The Invisible Store of Happiness at Clerkenwell Design Week
We're uniting our design, making and cabinetry skills with Laura's artistry and a whole container of sustainable Maple and Cherry to create a brave installation in the dramatic archway at the historic Museum of the Order of St John.
We're working with AHEC (the American Hardwood Export Council) who will use their forward thinking research to Life Cycle Assess the entire project so we can truly measure the environmental impact of the work we're undertaking to create this piece.
Laura and Sebastian have been working on designs for the past few months and are excited to share their vision. The invisible Store of Happiness is going to be a three-metre high wooden sculpture consisting of a mighty steam bent frame that gives way to thinner, weaveable strips of wood that are manipulated into great, undulating ripples of wood.
The maple and cherry will be crafted into an elliptical-shape frame that showcases fine craftsmanship and impeccable cabinetry on a grand scale with huge arcs of steam bent wood, hand jointed together in mostly glue-less draw-bore mortice and tenon joints.
Through complex machinery the components of this solid frame are effectively shredded into strips and made supple and weave-able from time spent soaking in the River Thames beside Sebastian’s workshop. Using Laura's artistry and skill, these strips are then boldly manipulated by hand, flowing and twisting into the space to create a whirlpool of texture and shape, all held within its mighty external frame.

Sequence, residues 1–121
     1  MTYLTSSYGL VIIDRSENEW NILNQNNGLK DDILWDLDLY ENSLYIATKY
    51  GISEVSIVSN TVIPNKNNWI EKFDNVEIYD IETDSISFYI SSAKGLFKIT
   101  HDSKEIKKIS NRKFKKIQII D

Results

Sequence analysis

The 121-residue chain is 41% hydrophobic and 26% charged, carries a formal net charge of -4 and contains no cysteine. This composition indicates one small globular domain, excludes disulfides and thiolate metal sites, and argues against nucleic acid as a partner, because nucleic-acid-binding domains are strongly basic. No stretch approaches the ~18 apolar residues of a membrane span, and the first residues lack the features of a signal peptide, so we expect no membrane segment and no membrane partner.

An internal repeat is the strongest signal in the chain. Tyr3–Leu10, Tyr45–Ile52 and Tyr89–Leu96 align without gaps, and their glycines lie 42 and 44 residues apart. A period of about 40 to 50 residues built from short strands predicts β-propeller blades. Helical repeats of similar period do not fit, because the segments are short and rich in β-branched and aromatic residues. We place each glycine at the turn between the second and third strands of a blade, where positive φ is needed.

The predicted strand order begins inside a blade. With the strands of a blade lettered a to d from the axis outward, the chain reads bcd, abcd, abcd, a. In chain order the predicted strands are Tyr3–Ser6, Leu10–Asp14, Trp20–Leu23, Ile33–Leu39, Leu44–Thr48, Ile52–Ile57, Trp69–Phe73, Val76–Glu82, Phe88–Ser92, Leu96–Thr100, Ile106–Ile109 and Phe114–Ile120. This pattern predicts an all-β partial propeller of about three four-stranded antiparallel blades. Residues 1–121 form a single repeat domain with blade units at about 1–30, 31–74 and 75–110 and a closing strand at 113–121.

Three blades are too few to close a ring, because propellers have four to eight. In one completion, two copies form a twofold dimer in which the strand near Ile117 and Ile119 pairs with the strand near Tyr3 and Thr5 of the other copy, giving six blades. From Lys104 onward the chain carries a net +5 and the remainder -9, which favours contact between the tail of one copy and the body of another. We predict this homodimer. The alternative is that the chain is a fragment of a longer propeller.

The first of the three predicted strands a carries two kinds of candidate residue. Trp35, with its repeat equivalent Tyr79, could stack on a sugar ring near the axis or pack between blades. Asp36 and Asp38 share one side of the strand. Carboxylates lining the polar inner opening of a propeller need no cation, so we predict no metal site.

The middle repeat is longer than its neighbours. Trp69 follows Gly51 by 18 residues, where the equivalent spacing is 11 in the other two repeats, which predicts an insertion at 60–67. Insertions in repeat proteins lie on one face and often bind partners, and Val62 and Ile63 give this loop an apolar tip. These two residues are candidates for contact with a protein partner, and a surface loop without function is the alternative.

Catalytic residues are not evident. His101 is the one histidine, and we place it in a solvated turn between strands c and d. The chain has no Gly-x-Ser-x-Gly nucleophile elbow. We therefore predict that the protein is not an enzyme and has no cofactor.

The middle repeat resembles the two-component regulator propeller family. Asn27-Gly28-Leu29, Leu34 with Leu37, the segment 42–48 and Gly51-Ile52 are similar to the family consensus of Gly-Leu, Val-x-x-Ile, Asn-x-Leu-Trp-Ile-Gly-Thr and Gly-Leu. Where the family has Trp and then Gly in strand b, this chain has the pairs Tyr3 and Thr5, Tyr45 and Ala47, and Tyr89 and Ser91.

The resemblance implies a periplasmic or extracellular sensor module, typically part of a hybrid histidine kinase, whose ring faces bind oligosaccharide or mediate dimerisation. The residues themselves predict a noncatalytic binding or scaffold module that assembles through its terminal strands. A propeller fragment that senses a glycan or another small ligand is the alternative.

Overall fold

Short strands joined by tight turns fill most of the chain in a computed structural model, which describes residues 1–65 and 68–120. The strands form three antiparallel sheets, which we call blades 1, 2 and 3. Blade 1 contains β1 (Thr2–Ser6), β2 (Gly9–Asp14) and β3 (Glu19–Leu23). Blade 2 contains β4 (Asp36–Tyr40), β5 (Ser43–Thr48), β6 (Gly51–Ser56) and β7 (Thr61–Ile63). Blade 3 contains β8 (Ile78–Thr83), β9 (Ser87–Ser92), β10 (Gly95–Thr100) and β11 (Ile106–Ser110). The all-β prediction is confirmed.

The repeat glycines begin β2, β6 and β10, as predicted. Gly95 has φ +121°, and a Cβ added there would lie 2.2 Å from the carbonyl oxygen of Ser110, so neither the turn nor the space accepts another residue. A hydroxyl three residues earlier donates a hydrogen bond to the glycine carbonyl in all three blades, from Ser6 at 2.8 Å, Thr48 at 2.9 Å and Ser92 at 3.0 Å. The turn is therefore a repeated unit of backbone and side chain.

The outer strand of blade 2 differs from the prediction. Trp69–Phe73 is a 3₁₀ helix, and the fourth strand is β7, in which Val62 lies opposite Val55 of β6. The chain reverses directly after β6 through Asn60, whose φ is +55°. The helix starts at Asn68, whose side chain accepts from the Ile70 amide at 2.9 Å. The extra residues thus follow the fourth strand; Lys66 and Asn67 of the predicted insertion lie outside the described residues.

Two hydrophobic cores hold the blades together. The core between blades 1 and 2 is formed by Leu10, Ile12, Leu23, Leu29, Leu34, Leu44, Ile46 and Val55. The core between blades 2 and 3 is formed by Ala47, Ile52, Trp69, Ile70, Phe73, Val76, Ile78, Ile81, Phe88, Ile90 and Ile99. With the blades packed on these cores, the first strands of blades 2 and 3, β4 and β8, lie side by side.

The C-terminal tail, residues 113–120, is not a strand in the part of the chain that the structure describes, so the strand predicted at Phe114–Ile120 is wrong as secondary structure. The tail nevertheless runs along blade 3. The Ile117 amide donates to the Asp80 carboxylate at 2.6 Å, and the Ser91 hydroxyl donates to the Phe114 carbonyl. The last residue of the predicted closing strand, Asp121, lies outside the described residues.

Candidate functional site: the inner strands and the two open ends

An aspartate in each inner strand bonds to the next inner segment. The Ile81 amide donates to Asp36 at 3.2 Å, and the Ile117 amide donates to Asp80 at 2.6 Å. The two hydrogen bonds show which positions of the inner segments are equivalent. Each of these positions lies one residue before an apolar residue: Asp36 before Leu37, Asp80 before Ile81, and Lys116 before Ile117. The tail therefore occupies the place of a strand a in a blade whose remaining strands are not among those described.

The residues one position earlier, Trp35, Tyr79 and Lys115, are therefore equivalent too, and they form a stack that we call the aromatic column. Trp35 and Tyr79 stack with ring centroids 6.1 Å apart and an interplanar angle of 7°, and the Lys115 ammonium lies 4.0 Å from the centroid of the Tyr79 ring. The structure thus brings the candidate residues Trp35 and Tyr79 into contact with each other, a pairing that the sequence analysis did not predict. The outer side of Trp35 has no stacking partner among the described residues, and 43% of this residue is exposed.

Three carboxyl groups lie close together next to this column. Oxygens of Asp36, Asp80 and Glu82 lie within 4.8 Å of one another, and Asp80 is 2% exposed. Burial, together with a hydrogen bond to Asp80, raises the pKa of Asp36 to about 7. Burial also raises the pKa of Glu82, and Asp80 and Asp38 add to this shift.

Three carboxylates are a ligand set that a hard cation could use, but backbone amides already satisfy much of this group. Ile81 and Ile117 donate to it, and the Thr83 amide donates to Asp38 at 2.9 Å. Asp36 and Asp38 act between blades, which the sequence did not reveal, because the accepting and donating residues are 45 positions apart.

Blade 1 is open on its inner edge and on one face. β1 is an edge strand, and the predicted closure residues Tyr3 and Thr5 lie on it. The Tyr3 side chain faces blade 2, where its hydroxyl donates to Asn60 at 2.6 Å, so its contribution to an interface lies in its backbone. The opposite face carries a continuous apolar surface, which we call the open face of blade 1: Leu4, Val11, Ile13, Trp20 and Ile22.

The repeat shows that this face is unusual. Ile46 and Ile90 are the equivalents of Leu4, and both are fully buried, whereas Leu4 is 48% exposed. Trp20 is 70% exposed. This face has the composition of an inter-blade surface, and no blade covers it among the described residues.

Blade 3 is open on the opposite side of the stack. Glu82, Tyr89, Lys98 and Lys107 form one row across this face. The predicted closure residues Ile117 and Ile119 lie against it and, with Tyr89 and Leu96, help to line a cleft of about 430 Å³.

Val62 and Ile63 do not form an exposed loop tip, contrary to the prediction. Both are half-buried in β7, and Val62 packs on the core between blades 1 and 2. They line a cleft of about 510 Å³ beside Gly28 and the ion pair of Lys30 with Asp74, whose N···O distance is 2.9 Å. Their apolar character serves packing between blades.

The piece is called The Invisible Store of Happiness because it embodies the joy found in making and handwork, something Laura and Sebastian share within their work. It's a store of other things too - including carbon.
We were fascinated to see the speed at which the timber we used to make the Wish List piece for Sir Terence Conran was regenerated in the American woodlands. We were also delighted that it was possible to assess the environmental impact of the piece; AHEC are leading the charge when it comes to life cycle assessment with timber. Therefore, we have vowed to measure the environmental impact of the Invisible Store project, and we've set ourselves the challenge of making the whole piece for less carbon than an iPhone 6+.